This would have been a very good scoop, and the idea was not entirely implausible. The jihadi menace is all too real, and European states are concerned about it for good reason. But the source, Syria Truth, is hardly a credible one. It is a notoriously unreliable news site run by a Europe-based former prisoner of conscience with a long history of fabricating political scandals. In 2004, for example, he was the one who informed credulous American Iraq war enthusiasts that Saddam Hussein had spirited his weapons of mass destruction across the border to Syria—thereby starting a rumor that still lives on the fringes of the American Right.
At first, the Syria Truth article attracted scant attention. Iran’s Press TV recycled the Schindler story, sourcing it to “a report,” but this did not really add to its credibility.
But on May 27, the Amman bureau of the German public broadcaster ARD—which is Berlin’s version of the BBC—ran a report headlined: “Secret Meeting in Damascus: What is the BND doing in Syria?” It didn’t mention Syria Truth by name, but that was clearly the source. To its credit, ARD did note that the information was impossible to confirm and that “intelligence circles” were denying that any such visit had taken place. The same day, Die Zeit, a German national newspaper, restated ARD’s information, with the same caveats, while also adding some further details from Syria Truth’s May 7 article.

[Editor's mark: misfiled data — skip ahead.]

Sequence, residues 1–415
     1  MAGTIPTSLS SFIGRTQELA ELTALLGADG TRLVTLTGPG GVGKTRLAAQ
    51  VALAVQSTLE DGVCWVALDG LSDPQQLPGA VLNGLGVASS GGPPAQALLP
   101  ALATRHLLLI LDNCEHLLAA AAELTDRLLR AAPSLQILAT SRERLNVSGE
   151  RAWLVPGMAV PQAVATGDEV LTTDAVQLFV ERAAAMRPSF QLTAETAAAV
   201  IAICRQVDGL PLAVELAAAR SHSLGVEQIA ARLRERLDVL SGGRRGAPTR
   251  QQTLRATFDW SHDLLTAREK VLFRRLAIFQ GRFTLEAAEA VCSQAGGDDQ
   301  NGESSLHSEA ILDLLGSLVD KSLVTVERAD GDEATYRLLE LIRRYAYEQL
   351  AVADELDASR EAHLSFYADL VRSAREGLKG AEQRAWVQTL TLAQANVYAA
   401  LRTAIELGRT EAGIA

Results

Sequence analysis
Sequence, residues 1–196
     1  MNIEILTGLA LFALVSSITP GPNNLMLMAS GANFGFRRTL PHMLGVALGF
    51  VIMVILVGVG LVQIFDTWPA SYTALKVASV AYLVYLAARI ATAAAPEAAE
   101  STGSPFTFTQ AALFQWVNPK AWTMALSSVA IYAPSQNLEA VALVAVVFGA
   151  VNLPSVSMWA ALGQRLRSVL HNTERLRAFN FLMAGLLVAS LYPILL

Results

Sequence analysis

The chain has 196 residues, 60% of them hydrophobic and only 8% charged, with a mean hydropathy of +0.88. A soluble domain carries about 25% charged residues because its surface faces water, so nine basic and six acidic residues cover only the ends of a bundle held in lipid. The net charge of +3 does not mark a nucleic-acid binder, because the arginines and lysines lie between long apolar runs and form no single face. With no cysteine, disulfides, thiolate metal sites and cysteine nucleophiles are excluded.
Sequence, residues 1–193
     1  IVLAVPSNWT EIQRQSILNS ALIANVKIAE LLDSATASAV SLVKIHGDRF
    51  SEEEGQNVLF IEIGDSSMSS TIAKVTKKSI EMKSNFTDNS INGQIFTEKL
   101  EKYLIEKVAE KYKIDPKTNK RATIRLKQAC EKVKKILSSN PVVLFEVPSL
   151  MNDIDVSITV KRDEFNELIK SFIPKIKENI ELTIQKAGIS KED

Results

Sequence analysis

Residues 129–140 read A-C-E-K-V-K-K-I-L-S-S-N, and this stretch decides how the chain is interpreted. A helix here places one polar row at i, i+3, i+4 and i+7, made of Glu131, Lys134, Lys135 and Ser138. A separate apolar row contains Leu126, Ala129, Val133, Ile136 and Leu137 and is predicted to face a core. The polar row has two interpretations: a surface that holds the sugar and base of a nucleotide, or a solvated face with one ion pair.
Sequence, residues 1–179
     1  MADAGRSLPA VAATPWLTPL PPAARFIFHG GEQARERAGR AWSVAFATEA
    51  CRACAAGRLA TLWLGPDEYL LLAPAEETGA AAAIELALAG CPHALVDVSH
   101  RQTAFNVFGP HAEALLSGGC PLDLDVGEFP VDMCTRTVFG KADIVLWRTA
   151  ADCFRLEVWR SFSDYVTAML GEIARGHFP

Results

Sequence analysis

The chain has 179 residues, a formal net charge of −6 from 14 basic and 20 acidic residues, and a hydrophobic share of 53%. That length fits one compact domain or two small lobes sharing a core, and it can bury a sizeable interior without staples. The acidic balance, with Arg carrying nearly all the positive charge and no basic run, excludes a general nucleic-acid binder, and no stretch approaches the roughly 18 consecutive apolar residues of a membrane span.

These reports in respectable German media set off a stream of rumors in Syrian exile circles. They soon translated into, for example, an article in the Russian online tabloid Pravda.ru and another on the Middle East Monitor. By that time, the source had migrated from Syria Truth to “diplomatic sources,” and the story also involved a bizarre twist on the original plot: now, Gerhard Schindler was trying to arrange a deal between Syria and Israel that would allow Hezbollah to join Assad’s forces. Why exactly he would do that—well, it didn’t say.